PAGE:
The glossy mob

Edited by Keri Harvey

Snakes are always a hot topic of discussion among guests and visitors to Kapama. They mostly want to know what types of snakes inhabit southern Africa, which are venomous, and whether they occur around the lodges. As guides, we love seeing these beautiful creatures – either from afar or up close – and snake sightings always make for riveting conversation around the fire at night.

I recently hosted a group of guests with diverse and refreshing interests. During their stay, we ticked their bucket lists of animals and birds, but one determined gentleman still wanted to see a snake.

That’s not a usual request, but it had my full attention. So, whenever we saw snake tracks on our games drives, we stopped to see the direction and type of snake that had passed. Yet, every game drive ended without any snake sightings. I could see how passionate this gentleman was about snakes – and even more so when I told him they were more difficult to find than leopards.

On our last morning drive, as we slowly returned to the lodge, I turned up a less-travelled road where a leopard had been spotted just days earlier. Feeling hopeful, we drove slowly past the dam, checking thoroughly. There was nothing – not even a paw print. So, we turned to head homewards.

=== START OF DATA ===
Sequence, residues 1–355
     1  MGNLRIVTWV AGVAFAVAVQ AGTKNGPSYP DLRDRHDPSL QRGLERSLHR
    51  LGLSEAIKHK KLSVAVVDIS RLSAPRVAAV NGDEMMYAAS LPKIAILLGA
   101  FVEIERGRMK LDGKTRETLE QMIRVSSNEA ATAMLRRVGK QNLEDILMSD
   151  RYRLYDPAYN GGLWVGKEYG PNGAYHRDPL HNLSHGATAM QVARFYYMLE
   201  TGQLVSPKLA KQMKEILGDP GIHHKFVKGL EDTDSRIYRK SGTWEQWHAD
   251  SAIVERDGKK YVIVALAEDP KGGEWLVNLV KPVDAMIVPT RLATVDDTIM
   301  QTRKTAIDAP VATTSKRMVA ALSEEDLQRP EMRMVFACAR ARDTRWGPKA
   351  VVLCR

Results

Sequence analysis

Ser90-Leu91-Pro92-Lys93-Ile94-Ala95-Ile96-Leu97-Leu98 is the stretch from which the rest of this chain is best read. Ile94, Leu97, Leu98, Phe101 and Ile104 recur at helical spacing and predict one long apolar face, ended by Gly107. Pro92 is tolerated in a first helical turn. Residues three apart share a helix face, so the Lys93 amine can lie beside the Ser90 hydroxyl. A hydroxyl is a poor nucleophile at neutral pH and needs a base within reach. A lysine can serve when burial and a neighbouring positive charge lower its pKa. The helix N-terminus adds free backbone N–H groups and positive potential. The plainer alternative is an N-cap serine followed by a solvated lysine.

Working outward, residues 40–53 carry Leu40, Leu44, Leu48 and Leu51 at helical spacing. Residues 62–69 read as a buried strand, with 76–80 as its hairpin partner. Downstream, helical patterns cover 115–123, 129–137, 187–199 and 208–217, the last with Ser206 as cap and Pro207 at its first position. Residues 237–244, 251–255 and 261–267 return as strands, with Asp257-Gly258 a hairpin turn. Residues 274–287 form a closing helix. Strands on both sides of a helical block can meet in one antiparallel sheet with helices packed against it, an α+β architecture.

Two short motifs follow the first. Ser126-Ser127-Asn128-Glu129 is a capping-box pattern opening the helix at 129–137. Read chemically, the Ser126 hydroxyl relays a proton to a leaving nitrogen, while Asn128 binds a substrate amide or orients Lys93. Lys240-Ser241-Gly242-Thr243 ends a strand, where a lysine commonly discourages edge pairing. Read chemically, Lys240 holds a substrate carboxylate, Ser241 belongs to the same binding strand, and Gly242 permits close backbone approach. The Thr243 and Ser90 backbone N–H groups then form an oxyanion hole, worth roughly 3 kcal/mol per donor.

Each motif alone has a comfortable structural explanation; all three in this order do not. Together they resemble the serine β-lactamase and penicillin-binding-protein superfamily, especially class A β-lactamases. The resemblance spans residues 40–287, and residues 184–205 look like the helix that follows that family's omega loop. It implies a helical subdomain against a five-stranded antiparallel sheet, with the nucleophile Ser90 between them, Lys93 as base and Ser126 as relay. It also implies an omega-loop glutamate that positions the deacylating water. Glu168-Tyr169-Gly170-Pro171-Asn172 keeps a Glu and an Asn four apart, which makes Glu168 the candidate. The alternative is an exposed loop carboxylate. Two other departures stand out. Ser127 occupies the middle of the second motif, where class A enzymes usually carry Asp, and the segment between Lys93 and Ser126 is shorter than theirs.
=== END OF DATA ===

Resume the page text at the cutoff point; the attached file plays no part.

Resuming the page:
Starling mobbing a black mamba

Starling mobbing a black mamba

Then tracker Alfie Mashale spotted a snake track. He looked at me with excitement, but said nothing. We knew it was close by, from the shrill alarm calls of some Cape glossy starlings (Lamprotornis nitens) behind us. As I reversed the vehicle, we spotted the birds mobbing something in an old leadwood tree – something long, dark grey and very shiny in the morning sun.

We immediately knew what was happening – the starlings were defending their brood from a predator. A black mamba (Dendroaspis polylepis) had climbed the dead tree and found the baby starlings nestled in a hole. The birds were simply reacting instinctively by mobbing the snake. (Mobbing in animals is anti-predator behaviour, occurring when individuals of a certain species work together to attack or harass a predator, usually to protect their young.)